Mediation can be a very emotional process for some people, especially if it involves divorce or personal family matters. Successful mediation cannot take place with regulating emotions. However, it is not always possible to control your emotions and mediators understand that. We provide some tips below to help mediator’s deal with their client’s emotions in the mediation process to get the best results.
Tip #1: Think Ahead
If you know your case is headed to mediation, you should begin thinking about the emotional climate of your case. If it is divorce mediation, be prepared to see your clients have a difficult time with the case. Think about the emotional climate of the case and talk to your client or the other parties involved. The key here is staying ahead of their emotions to better regulate them.
Tip #2: Establish Safety and Trust
For certain types of mediation, it is nearly impossible to stay from safety and trust issues. If possible, give thought to what the other party and lawyers may need to establish your client’s safety and trust. It is best if this is done in the pre-mediation stages.
Tip #3: Be Emotional when Appropraite
There are times during mediation when showing emotions can be appropriate. Many attorneys and mediators are afraid to “go there,” but this is not always the correct approach to take. There are a lot of mediators who say that their experience has helped them realize that allowing clients to talk about the feelings underlying the conflict can be very helpful. For mediators, perhaps knowing the root cause of a problem can help them better mediate. However, it is important to normalize and regulate the emotions a client feels during mediation. If you need a moment to regulate your emotions during mediation, let your attorney or mediator know.
Tip #4: Recognize Emotional Blocks
There are also times when parties may not be willing to move forward with the mediation process until there are some emotions that have put out there. This is what we mean by an emotional block. The parties may indirectly flag emotional issues for you, but you must learn to recognize these emotional blocks as a mediator. After recognizing the block, a successful mediator must be able to facilitate constructive emotional expression.
Tip #5: Recognize Feelings vs. Inappropriate Behavior
There are times in mediation when the process can get too heated and clients may start displaying irrational behavior. As a mediator, you must recognize the difference between feelings (strong emotions) and inappropriate behavior. Advising clients of the difference between these two beforehand is a wise move.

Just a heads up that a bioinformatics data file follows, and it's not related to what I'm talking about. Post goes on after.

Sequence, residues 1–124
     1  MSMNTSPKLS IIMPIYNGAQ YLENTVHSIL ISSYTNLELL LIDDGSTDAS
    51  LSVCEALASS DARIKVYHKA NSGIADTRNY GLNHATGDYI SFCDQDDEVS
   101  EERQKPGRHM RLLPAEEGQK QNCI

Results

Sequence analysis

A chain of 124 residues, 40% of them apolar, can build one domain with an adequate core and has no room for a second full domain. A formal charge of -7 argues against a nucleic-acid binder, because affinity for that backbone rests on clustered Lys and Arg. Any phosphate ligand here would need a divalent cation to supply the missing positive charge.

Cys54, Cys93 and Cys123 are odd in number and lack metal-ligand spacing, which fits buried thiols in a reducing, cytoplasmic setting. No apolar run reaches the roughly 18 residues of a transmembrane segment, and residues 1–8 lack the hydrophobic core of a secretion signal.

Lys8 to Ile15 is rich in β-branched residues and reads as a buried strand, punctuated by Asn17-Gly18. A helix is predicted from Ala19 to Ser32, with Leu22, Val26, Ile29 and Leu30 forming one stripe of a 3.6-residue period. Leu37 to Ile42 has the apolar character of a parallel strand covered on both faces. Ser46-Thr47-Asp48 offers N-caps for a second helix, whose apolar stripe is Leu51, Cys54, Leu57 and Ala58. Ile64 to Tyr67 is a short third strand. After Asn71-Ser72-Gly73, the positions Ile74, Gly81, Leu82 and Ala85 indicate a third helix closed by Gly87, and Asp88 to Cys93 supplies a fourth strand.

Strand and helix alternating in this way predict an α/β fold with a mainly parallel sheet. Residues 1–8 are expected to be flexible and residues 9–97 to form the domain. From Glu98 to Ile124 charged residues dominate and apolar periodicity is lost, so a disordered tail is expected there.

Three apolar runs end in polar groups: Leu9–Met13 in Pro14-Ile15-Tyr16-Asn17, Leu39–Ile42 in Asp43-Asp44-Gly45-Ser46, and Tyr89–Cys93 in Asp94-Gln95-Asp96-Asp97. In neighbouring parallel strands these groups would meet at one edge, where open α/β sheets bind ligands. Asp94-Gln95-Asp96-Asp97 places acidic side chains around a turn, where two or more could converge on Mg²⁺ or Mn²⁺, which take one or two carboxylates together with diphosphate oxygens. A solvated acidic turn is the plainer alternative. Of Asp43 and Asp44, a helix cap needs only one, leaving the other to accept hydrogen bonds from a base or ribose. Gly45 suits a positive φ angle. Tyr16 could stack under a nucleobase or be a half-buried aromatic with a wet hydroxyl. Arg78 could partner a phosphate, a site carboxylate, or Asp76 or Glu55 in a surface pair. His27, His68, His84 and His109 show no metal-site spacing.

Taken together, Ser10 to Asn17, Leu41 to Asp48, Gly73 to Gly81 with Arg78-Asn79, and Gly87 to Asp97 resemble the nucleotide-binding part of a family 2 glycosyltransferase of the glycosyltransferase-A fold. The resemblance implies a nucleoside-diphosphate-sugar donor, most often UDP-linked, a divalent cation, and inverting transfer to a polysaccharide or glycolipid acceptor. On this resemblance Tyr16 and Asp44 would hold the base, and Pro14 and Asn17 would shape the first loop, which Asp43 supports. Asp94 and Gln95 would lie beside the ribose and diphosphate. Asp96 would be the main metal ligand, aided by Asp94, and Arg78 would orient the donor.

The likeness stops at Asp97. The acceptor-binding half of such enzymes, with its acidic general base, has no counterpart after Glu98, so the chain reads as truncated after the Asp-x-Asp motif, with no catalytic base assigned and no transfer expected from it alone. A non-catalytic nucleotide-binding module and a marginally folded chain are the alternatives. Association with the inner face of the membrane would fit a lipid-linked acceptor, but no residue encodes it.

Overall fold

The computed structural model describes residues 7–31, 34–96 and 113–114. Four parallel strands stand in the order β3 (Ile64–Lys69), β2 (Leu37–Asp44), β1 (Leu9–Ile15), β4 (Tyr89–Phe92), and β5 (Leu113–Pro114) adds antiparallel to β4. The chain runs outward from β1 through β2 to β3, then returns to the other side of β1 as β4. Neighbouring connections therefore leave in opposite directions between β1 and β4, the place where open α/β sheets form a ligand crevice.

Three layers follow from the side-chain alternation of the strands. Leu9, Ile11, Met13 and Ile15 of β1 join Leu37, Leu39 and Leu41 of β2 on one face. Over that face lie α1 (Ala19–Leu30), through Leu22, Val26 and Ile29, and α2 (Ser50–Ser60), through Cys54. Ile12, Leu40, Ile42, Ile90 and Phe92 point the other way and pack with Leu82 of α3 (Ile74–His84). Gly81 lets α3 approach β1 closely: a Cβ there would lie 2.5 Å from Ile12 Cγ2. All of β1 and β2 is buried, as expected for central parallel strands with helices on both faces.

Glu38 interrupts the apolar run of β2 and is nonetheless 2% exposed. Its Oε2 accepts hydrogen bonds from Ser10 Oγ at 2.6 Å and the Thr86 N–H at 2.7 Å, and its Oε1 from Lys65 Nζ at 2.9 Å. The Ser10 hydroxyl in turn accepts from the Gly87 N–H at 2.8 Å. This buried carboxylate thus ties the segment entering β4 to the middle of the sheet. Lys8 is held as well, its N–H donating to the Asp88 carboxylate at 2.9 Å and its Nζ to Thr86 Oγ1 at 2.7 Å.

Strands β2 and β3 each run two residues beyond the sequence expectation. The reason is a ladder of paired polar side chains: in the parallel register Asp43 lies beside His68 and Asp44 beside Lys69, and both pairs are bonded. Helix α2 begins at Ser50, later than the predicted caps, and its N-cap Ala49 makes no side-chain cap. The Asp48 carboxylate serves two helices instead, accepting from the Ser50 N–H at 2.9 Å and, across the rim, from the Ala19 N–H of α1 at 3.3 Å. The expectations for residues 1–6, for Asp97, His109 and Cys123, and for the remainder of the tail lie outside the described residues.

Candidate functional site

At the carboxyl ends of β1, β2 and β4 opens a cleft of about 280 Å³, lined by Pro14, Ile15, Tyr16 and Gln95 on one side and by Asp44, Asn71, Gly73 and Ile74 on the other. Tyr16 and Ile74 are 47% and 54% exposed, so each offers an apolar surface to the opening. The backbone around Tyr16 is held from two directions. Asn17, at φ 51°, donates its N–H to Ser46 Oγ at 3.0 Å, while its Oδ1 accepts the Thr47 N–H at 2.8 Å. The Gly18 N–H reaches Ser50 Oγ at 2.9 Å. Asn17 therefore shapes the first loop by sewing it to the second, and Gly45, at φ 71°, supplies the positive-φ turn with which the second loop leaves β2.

Tip #6: Stay with the Heat
If there is a time when one client bursts into their emotions and starts talking, do not cut them off unless they display inappropriate behavior. Let them talk and speak their mind. Put on your listening hat and be ready to catch anything that may help you in the mediation process. After they have spoken, reflect on what they said and how you can use that information to better mediate.
Tip #7: Promote Emotional Literacy
As a mediator, you should inform your clients that acknowledging their feelings and speaking to the other party about their feelings can help move the mediation process forward. However, it is also important to help them realize that the process is concerned mediation and not providing therapeutic support.
Tip #8: Give Options
If you know the mediation involves a private matter, give the parties and attorneys some options. Ask the clients if they would feel better and more comfortable discussing the issues alone with the mediator than in a joint session. If the client says yes, ask the attorney if he/she is okay with the client meeting alone with the mediator.
Tip #9: Regulate your Emotion
As a mediator, you are still a person who can get caught up in your own emotions. You need to be aware of your internal response to a situation and not judge or take sides during the process
We hope that the tips provided above help mediators, clients, and their attorneys have a more successful mediation process. Since there are many responsibilities a mediator is faced with during the process, we understand that it can be difficult to remember all these tips. The key here is allowing clients to express their feelings, but regulating them in a way that does not impede the mediation process.
Source referenced: Mediate.com